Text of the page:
“I like to joke that San Francisco is the epicentre of the yellow fever phenomenon”, says Debbie, who describes a general awareness of being looked at by men because she’s Chinese.But Debbie also believes that Asian American women are paying a price for “positive” stereotyping.“We are largely invisible when it comes to politics and popular culture, yet there's a very palpable urban myth that Asian women make better lovers than other women”, she says.
In recent times, America’s wars in Korea and Vietnam have also influenced the popular American psych, spawning narratives like that of Miss Saigon.
“And let’s not forget Hollywood’s global influence”, says Dr Sandy To, who specialises in gender studies at Hong Kong University.
Take the 25th anniversary revival of Miss Saigon in the West End.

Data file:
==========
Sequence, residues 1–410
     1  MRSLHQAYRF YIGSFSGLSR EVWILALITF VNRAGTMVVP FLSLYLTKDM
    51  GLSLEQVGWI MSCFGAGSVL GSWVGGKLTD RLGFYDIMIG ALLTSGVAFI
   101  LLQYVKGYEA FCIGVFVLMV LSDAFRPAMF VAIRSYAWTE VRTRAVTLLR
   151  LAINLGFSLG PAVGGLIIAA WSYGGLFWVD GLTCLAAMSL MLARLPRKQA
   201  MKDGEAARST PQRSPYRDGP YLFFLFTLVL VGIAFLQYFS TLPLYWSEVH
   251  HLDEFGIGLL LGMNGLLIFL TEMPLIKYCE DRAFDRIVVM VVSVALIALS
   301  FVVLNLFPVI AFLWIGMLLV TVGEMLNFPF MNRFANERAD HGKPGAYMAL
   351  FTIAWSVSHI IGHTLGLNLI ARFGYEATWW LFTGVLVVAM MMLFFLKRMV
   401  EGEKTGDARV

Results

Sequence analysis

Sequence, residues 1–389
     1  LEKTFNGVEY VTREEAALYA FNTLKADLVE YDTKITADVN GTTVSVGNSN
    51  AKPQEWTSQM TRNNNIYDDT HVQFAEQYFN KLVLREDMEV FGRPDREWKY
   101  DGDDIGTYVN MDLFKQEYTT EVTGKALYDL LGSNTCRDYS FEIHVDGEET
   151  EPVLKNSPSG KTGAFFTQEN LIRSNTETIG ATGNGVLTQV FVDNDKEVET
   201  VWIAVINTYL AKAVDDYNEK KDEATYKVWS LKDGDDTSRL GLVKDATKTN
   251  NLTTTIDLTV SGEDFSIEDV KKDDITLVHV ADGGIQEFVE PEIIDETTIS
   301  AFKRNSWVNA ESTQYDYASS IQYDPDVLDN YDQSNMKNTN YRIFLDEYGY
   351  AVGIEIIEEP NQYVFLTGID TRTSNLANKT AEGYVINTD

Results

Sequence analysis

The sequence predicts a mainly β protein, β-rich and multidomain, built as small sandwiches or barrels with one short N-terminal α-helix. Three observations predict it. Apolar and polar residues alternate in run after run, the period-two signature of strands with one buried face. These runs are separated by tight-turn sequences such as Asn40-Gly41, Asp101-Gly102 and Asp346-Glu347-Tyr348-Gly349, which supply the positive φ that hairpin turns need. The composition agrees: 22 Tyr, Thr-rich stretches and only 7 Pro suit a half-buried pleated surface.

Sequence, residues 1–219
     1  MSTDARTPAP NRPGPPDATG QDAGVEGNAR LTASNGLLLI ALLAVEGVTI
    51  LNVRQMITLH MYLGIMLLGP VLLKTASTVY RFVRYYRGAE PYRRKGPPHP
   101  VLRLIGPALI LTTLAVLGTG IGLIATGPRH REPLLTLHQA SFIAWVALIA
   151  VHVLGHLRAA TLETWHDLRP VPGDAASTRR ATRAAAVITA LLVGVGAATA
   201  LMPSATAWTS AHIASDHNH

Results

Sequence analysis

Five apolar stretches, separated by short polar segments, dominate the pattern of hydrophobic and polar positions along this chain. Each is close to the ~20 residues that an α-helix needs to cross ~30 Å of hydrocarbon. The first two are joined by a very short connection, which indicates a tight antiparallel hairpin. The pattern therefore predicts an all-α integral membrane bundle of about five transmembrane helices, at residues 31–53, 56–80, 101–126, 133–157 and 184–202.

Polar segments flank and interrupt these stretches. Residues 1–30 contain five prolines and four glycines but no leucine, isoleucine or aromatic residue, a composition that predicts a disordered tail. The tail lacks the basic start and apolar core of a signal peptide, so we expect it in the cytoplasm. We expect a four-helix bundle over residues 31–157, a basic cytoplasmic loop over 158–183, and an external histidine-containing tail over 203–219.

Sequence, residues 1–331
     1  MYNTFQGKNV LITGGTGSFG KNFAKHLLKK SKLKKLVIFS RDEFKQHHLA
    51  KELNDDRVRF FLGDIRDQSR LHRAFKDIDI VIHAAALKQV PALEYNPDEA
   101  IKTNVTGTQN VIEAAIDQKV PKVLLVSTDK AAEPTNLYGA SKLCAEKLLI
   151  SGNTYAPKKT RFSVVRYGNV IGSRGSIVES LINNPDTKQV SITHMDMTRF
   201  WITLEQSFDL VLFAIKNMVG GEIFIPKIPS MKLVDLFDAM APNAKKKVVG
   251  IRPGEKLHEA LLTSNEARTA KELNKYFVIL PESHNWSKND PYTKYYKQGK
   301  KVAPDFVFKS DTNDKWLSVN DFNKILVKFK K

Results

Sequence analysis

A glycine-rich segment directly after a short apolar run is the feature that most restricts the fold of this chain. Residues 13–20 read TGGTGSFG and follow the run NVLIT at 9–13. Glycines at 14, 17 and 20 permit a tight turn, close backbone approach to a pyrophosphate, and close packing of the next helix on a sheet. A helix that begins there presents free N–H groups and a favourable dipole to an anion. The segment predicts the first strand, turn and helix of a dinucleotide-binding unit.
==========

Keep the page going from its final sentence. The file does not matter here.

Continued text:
The tale of the tragic love story between a young Vietnamese woman and an American soldier paints a heartbroken and helpless image of Miss Saigon that remains one of the most poignant and visible depictions of Far Eastern women in popular culture.
One acquaintance told me in wonderment that Chinese women are great in the bedroom – as if I wasn't one – to being casually asked if I’d be interested in a guy “who has been with Chinese girls and likes it”.
I’ve been left puzzled by the insensitivity, and the lack of awareness that such comments may cause offence.
She notes the sexy Geishas, femme fatales and Kung Fu fighting seductresses in place of what she calls “ethnically neutral roles”.
In the BBC’s official response to BEA’s letter, it stated its commitments to diversity (in a rather patronising, verbose manner). But Asian women are understandably in a rush to change the status quo.
No, not the disease you can pick up when travelling to certain countries.
I'm talking about when Caucasian men develop an acute sexual preference for East Asian women – even becoming a fetish, for some.
Yet this portrayal epitomises what many see as a narrow perception of East Asian (defined as Chinese, Japanese, Korean etc) women.